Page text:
For my first real post I’m gonna steal a little sumthin’-sumthin’ I wrote over at Drug Monkey. The discussion was veering off into negotiations for startup funds and since I recently went through this process I dropped the following experiences:
While we’re talking about startups I thought I’d share some advice based on my recent experience (interviewing and obtaining tenure track position at an R1 University). I had a Fellowship and a Foundation grant (as PI) as a postdoc, but no portable funds.
1) Be well prepared to negotiate. I was told negotiations started after the first interview, usually when you come back for your second interview but this is not how it went for me. Several interviewers wanted to know what my startup needs would be during first interviews. Luckily I was ready for this (thanks to some good advice from the postdoc mentor). I carried around a budget proposal with year by year details for a 4 year startup package and I got it out of the bag every time I was asked. I expected to be grilled on it, what actually happened was quite interesting… people generally gave me advice on unexpected details that I had not thought of. In other words, this plan helped me demonstrate that I was prepared and it also helped my recognize that I had advocates in departments that were willing to offer advice in unexpected ways.
2) Demonstrate that you are prepared to start submitting grants. The next question after the budget discussion was always why do you need this money? I also had a R01-style grant ready to go and in my bag which would be the next thing to come out. No one ever asked for a copy or anything like that but it clearly had an effect. This also allowed me to show preliminary data that was not in my talk and explain methods in more detail by going to diagrams, etc.. It is very easy to explain your budget needs when you have an experimental plan right in your hands.
3) Be completely honest about what you need and when you need it. Many new investigators need more money up front to get the equipment they need into the lab so they can start the work. This sounds obvious but not everyone will get it. During the negotiations be sure that your budget details fit the timeline of when you need things. My experience was that no one wanted to screw me on the funds but not everyone understood that I needed a substantial bolus up front. My goal was to make sure that people with hands on the purse strings understood this so that the Dean’s office would also understand.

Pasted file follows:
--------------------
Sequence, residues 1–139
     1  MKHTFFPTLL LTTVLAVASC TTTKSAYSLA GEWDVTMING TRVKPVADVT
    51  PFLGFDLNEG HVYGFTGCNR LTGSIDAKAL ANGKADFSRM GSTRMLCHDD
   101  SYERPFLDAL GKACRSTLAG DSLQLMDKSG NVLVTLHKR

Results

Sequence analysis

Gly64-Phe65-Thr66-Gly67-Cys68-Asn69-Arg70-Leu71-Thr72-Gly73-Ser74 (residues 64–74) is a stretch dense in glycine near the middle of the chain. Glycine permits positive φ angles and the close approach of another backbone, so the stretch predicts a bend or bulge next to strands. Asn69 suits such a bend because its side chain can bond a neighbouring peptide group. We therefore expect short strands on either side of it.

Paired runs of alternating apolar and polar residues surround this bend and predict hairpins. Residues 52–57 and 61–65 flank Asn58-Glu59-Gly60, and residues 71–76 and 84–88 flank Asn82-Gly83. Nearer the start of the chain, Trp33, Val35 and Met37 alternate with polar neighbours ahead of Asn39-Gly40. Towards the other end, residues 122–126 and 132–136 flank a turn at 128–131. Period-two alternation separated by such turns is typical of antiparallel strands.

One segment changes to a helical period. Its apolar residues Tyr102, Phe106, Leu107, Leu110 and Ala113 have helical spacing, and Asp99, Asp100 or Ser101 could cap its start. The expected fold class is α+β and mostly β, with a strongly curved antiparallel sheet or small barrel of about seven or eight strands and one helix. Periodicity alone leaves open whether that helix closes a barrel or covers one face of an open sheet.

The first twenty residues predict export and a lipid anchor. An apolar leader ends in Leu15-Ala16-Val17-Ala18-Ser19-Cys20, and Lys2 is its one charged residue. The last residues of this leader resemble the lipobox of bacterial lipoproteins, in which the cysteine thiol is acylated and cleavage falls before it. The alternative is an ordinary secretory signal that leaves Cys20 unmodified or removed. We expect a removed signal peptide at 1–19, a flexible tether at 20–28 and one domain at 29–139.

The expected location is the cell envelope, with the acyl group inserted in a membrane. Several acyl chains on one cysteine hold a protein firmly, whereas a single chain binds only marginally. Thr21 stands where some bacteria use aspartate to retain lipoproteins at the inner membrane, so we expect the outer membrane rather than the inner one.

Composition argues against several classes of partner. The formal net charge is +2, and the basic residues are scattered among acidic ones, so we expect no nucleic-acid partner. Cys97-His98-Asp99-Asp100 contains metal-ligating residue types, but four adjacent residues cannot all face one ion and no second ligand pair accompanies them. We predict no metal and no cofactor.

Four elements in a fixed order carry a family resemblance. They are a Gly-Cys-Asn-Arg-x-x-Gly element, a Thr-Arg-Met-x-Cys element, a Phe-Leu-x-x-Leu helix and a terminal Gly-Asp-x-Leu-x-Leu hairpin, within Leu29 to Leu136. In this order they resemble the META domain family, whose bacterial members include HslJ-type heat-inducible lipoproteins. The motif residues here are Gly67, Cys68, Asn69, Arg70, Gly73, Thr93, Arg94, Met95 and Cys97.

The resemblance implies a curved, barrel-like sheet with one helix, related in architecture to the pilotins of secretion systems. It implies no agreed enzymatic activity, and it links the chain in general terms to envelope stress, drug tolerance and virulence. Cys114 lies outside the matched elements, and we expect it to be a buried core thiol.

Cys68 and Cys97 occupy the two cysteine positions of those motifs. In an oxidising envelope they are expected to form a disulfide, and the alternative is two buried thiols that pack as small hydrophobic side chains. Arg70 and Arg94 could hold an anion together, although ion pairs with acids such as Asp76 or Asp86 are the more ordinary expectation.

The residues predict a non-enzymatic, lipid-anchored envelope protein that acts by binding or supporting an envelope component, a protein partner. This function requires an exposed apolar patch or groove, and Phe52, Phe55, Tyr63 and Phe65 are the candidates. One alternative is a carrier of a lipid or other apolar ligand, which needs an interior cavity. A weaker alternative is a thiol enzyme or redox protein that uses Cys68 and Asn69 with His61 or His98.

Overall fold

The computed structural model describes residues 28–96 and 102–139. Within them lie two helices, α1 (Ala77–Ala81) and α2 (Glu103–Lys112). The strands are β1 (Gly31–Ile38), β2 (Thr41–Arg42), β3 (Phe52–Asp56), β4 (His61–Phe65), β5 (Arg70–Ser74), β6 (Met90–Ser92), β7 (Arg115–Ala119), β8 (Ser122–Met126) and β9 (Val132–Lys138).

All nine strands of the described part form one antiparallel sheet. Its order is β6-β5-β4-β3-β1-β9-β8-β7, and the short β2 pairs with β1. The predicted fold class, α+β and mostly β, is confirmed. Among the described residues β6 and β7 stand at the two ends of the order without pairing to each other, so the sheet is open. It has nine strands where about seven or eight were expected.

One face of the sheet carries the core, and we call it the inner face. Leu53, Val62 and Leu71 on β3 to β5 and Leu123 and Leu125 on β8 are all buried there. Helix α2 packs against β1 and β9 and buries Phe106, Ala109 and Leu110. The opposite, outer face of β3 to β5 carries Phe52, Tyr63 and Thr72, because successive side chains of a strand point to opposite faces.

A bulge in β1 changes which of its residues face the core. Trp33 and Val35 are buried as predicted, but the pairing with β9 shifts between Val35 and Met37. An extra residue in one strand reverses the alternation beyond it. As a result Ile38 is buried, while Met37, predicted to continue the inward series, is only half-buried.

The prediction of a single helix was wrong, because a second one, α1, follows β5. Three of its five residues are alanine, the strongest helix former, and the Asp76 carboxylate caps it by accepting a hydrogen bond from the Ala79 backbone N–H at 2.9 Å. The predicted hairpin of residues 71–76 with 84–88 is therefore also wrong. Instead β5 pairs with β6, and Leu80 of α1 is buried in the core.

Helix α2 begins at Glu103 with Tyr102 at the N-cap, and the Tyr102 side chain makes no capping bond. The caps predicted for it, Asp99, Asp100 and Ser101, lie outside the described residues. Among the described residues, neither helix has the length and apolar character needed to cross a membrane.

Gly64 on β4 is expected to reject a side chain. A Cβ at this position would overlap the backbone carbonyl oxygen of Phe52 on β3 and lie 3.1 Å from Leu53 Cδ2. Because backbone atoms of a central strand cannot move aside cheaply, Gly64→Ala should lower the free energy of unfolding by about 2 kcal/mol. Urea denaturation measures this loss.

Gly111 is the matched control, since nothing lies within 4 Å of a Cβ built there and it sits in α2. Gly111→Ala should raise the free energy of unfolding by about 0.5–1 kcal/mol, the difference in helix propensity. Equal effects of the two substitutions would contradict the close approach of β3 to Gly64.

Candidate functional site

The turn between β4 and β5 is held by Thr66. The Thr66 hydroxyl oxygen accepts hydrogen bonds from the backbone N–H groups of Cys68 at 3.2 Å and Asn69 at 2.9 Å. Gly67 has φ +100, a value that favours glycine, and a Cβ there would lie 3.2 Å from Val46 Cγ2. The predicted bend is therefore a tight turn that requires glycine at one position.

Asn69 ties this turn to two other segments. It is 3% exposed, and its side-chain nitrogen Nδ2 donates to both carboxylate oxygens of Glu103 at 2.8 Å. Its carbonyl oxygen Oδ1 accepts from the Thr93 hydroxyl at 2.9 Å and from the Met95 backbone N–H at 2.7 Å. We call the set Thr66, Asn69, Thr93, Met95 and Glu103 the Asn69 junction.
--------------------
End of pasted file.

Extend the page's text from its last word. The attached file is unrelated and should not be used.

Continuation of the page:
After negotiations, once you are in the new spot and spending money:
1) Do not complain to the Dean! Do talk to the Dean! Someone, maybe the Dept chair, should facilitate your getting to know your Dean. If no one does, make sure it happens. Deans generally understand the financial problems everyone is having right now and many of them are under pressure themselves from above to make sure the money keeps flowing in. Let the Dean know who you are and let your enthusiasm for your new position shine through when you talk to him/her. Back it up by getting those grants out early and often. If the Dean knows who you are, chances are they will notice such things when they get reports from Deans of Research on submitted grants.
2) Give talks within the University at every opportunity. Scientists are interested in new directions. One way to make your startup grow is to get those collaborations started. This doesn’t mean you should neglect your own research program because your most important obligation is to demonstrate that your lab is up and running and ready to produce. My experience has been that after I give my talks in different departments people come to me with new tools and/or directions that can help me achieve my aims. Often this has resulted in an invitation to use equipment to do new things, new equipment I don’t have to buy with new data to put into grants.
3) There are people in your University who are counting on your success. Don’t ever be in the position where you need to explain what you’re doing. Tell people, enthusiastically, what your newest data is and which grant applications you’re working on before they ask. Seek advice to improve your applications and to demonstrate that you are generating interesting data. Be your own best advocate.
Hopefully this will be of some use to others going through the process now…